As we pulled off, I was on Ed's right and spotted two more MiGs, In trail, heading north. I set a climbing cutoff attack, taking a stern position on the second MiG. A moment later, I saw the second MiG fire a burst al the lead MiG who then entered a spiral, spinning toward the earth! I could not reach the MiG that fired, but I did latch on to the crippled MiG. I entered a spiral, shooting at the MiG every time my sight neared it, I scored several hits until my wingmam, Wilton Crosby, called to pull out before I hit the ground. I Immediately leveled my wings and pulled maximum g's to recover. I was unable to watch the MiG explode as it crashed near Namsi-dong, North Korea, but my flight members confirmed my sixth kill. Only three minutes passed between Ed's MiG crash and mine. I have always admitted that I owed half of that credit to an unknown enemy pilot! This MiG had very shiny surfaces with several fences on the top of its wings. I have never heard anyone report seeing such a modified MIG-15. Years later, a friend suggested that may have been an MiG-l7, but I honestly do not know. After that MiG crashed, we headed home Our fuel was low and I felt we had good day's work! This story is me of the weirdest I heard during the Korean War.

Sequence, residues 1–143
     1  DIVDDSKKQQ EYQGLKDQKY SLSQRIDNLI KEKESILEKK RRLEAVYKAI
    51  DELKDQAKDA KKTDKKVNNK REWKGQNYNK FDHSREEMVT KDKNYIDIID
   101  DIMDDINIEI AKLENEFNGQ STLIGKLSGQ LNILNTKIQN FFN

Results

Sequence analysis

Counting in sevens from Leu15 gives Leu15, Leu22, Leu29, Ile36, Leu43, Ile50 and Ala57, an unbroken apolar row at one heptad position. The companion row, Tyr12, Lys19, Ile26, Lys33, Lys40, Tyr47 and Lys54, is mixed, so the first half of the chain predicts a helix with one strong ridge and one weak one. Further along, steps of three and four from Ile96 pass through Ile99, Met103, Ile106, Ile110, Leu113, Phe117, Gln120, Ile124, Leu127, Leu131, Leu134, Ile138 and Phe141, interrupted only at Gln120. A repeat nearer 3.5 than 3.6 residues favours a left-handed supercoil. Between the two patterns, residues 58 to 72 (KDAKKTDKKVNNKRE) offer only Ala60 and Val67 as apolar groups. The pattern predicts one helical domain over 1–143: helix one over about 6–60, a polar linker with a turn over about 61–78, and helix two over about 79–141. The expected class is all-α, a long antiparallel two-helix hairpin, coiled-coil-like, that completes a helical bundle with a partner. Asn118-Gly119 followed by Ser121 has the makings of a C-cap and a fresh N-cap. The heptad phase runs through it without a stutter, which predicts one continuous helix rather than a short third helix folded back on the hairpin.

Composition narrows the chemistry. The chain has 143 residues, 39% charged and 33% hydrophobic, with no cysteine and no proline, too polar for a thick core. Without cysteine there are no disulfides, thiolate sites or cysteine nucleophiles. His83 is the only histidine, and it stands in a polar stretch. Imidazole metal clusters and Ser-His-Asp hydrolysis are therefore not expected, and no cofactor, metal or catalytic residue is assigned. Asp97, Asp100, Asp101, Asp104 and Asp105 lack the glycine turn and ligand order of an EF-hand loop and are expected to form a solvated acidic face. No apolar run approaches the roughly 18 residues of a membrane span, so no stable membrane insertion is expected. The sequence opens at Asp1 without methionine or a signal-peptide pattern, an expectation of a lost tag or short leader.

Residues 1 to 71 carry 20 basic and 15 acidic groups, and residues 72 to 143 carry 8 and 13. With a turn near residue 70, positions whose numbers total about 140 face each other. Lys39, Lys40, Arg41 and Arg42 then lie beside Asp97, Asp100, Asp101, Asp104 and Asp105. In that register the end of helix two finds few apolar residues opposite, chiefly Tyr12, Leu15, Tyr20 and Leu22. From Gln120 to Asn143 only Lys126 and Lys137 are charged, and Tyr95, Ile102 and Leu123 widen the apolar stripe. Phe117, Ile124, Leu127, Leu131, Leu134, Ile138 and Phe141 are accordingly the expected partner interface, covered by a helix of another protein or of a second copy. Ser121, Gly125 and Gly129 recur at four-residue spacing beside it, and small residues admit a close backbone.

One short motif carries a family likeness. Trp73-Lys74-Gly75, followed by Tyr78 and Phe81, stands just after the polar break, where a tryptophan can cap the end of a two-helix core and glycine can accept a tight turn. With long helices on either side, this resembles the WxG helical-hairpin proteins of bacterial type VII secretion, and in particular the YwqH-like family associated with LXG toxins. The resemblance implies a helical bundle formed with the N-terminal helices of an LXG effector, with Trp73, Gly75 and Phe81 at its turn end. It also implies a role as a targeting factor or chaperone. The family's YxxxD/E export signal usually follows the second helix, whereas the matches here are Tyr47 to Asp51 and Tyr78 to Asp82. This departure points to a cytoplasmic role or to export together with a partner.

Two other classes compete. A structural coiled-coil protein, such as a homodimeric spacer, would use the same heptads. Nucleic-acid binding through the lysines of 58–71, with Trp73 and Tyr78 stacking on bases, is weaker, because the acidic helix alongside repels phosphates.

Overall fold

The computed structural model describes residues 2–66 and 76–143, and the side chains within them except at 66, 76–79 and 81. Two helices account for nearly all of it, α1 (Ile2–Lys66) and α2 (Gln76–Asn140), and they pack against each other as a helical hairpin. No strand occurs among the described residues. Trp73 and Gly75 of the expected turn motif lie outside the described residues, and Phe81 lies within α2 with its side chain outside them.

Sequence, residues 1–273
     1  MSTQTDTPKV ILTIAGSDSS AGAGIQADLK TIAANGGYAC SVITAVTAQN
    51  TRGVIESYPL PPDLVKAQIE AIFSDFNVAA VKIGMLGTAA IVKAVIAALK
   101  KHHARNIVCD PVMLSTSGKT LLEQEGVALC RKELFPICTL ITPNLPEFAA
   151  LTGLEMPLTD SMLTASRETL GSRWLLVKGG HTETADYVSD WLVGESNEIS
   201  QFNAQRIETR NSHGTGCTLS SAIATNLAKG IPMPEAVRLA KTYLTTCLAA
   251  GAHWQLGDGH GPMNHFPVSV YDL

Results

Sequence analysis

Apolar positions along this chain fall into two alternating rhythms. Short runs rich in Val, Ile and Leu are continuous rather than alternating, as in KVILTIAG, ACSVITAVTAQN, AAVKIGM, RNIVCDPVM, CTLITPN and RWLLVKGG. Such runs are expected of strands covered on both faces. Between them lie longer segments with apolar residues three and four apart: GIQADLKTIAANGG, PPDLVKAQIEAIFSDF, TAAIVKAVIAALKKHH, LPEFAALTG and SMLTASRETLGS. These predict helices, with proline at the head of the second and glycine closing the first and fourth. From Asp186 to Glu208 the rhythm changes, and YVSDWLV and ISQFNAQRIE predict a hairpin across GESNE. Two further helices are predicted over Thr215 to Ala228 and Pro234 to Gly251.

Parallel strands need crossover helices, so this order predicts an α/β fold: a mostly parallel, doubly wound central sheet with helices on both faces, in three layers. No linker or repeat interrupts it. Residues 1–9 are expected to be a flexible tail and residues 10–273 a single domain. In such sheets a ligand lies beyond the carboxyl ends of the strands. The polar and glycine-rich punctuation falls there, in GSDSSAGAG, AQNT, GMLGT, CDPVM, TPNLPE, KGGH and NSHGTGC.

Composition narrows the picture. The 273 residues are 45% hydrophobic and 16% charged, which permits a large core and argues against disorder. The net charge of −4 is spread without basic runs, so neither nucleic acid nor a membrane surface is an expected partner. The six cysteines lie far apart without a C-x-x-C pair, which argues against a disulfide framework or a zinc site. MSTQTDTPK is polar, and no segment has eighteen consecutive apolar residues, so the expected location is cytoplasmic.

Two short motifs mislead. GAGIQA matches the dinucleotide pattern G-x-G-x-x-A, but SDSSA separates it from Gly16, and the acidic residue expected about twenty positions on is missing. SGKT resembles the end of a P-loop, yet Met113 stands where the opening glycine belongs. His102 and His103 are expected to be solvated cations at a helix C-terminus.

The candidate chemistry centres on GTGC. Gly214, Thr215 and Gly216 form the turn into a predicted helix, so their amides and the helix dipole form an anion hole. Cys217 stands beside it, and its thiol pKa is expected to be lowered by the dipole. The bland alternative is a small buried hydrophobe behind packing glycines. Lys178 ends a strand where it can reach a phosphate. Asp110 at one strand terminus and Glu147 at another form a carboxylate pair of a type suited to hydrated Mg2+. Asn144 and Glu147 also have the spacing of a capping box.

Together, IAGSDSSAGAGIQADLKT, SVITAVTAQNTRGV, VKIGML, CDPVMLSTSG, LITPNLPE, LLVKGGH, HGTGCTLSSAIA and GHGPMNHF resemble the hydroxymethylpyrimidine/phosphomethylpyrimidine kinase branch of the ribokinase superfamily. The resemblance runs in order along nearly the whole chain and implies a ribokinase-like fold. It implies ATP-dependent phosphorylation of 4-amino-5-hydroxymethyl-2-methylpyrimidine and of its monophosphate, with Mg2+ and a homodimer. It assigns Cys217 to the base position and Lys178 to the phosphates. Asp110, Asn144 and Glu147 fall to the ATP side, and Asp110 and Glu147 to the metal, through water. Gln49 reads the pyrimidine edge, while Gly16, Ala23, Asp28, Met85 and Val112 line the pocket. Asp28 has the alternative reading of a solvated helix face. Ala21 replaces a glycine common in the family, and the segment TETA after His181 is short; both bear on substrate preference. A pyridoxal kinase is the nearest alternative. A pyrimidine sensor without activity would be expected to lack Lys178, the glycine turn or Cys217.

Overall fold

My Final Combat Experiences in 1953
January 1953 in Korea was extremely cold with much snow. We dressed heavily in the event we ejected. All pilots were issued "poopysuits" for cold water survival. I was near the end of my tour and looking forward to returning to my wife and family, including my newborn son, Ronald. I was given additional duty as an instructor for newly assigned pilots to the 51st Fighter Group. I gave ground school and theater checkouts as well as flew their first combat mission as their leader. These missions were not likely to result in combat, so I logged there as training flights while the others were credited with combat missions. I logged 94 combat missions by January 21, 1953.